Show simple item record Sarah en_US 2008-11-11T16:49:52Z 2008-11-11T16:49:52Z 2003-09-08 en_US
dc.identifier 1-4039-0323-9 en_US
dc.identifier.citation Prescott , S 2003 , Women, Authorship and Literary Culture, 1690 - 1740 . Palgrave Macmillan . en_US
dc.identifier.other PURE: 83993 en_US
dc.identifier.other dspace: 2160/1044 en_US
dc.description.abstract The dominant model of female authorship from 1690 to 1740 is London-centred, professional and fiction-oriented. In this engaging study, Sarah Prescott argues that alternative contexts for publication and different models of authorship were equally influential in shaping women's involvement in literary culture. In addition to acknowledging the impact of literary London on the careers, images and publication patterns of a variety of women writers, Prescott stresses the importance of provincial networks and non-metropolitan literary systems. The focus on alternative locations and contexts as influences on women writers does not mean that the commercial side of female authorship is neglected. Rather, women could use provincialism, and all it implied, as a way to shape their literary authority and market their work. This study provides an exciting and thought-provoking revision of our current conceptions of women's participation in literary culture. en_US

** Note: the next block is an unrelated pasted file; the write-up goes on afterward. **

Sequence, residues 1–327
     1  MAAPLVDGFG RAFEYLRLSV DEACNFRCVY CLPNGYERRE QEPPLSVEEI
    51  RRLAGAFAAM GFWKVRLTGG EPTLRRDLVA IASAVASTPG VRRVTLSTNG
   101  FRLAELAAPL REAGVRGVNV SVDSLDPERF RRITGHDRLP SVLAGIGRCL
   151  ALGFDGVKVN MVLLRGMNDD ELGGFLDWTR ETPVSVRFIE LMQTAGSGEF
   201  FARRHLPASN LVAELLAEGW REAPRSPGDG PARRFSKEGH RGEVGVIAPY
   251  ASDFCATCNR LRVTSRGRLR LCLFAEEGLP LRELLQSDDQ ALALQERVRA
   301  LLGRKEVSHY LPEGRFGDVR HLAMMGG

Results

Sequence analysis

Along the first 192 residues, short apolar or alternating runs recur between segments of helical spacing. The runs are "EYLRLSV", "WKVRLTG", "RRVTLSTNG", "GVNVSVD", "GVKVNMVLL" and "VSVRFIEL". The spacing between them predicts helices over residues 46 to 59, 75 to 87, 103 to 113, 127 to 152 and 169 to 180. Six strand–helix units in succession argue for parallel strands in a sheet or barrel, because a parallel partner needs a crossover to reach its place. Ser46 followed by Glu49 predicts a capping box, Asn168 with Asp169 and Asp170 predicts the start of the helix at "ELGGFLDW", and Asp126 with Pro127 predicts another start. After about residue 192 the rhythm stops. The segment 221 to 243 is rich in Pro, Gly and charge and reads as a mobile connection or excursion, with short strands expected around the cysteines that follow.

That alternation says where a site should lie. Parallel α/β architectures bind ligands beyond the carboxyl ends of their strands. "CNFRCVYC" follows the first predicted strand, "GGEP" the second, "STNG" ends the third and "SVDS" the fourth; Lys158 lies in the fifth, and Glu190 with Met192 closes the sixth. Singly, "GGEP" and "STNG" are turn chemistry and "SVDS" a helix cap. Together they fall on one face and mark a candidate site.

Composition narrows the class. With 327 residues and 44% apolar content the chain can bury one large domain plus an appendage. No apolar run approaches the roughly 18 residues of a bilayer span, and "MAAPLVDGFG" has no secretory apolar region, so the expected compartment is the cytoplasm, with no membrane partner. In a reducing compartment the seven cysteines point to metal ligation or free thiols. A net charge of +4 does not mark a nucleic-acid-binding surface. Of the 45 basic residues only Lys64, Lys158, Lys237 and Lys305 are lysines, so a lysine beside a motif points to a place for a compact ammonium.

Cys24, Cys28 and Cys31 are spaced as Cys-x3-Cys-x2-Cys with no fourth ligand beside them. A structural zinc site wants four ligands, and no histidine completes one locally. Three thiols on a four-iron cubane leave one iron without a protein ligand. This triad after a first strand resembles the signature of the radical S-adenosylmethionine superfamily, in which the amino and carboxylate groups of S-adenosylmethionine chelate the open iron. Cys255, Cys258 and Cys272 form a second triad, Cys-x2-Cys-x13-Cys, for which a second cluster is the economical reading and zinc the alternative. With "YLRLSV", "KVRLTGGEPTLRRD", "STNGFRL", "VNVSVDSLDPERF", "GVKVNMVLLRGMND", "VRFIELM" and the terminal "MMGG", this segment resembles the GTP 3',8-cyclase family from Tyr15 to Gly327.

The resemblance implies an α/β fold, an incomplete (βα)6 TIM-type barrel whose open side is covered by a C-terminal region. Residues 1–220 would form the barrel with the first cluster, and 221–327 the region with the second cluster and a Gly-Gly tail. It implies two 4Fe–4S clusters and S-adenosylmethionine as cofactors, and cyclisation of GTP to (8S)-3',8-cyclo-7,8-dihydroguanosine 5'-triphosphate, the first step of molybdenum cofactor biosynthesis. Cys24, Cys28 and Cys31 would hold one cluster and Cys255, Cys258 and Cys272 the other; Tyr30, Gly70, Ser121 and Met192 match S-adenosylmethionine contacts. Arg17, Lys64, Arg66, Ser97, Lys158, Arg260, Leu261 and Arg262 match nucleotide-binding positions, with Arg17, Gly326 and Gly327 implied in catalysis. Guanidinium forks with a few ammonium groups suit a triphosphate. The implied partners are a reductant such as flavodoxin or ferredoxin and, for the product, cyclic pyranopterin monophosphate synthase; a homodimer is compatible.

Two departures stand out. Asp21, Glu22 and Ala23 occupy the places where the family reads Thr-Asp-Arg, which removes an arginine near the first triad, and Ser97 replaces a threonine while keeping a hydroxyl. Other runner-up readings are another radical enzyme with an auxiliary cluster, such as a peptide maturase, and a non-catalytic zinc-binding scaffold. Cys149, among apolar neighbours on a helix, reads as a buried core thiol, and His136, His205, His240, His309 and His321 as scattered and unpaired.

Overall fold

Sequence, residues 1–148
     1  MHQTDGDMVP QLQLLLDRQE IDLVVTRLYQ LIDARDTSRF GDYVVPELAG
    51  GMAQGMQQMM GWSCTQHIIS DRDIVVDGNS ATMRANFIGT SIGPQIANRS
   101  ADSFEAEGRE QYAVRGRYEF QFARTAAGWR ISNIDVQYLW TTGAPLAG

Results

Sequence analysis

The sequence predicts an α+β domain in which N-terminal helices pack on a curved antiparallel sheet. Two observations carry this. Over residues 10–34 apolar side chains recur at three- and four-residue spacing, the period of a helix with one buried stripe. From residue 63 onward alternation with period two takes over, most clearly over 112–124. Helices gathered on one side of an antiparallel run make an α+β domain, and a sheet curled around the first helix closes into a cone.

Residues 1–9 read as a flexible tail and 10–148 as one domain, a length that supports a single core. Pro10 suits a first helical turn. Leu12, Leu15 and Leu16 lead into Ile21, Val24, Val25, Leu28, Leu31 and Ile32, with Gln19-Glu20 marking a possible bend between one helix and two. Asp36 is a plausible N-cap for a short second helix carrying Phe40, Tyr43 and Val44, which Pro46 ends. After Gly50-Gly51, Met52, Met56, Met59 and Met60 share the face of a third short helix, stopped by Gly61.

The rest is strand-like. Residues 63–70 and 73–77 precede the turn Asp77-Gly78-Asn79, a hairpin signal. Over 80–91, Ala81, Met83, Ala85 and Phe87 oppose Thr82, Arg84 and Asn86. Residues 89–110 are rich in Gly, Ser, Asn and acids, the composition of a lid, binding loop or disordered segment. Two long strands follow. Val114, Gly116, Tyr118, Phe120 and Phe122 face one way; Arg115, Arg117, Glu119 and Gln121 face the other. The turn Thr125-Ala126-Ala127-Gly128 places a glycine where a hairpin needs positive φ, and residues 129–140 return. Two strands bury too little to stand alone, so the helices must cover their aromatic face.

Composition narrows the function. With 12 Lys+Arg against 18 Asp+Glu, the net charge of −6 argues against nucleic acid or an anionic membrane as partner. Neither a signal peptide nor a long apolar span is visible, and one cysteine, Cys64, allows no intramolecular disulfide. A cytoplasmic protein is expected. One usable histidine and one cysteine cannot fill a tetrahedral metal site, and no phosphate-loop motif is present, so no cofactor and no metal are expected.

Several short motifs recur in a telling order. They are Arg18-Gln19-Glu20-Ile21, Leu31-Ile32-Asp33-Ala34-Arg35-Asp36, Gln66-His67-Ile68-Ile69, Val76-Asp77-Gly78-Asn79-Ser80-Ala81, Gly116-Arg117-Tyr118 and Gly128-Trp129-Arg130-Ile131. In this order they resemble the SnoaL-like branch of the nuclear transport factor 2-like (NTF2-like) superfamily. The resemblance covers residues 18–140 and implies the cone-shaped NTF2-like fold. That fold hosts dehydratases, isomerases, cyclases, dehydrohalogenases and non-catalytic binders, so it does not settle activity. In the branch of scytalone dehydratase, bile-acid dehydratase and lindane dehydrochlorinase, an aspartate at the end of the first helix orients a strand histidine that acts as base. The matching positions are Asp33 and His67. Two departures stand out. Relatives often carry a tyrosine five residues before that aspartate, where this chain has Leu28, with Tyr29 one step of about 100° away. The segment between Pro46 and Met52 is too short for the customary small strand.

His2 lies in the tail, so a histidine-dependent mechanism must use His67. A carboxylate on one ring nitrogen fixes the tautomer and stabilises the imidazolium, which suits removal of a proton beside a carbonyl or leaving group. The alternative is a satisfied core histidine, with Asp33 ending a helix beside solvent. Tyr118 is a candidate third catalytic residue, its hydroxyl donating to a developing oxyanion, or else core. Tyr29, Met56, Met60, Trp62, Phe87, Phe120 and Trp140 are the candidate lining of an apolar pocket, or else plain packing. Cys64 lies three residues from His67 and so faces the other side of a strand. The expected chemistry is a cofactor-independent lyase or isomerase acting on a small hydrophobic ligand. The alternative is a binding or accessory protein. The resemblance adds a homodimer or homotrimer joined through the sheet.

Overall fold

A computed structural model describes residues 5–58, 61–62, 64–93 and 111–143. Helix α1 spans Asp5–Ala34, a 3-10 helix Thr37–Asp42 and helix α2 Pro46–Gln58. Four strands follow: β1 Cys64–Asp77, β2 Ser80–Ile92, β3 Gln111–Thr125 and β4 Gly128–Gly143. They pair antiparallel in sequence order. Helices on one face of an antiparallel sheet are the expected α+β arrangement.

dc.publisher Palgrave Macmillan en_US
dc.title Women, Authorship and Literary Culture, 1690 - 1740 en_US
dc.contributor.pbl Department of English and Creative Writing en_US

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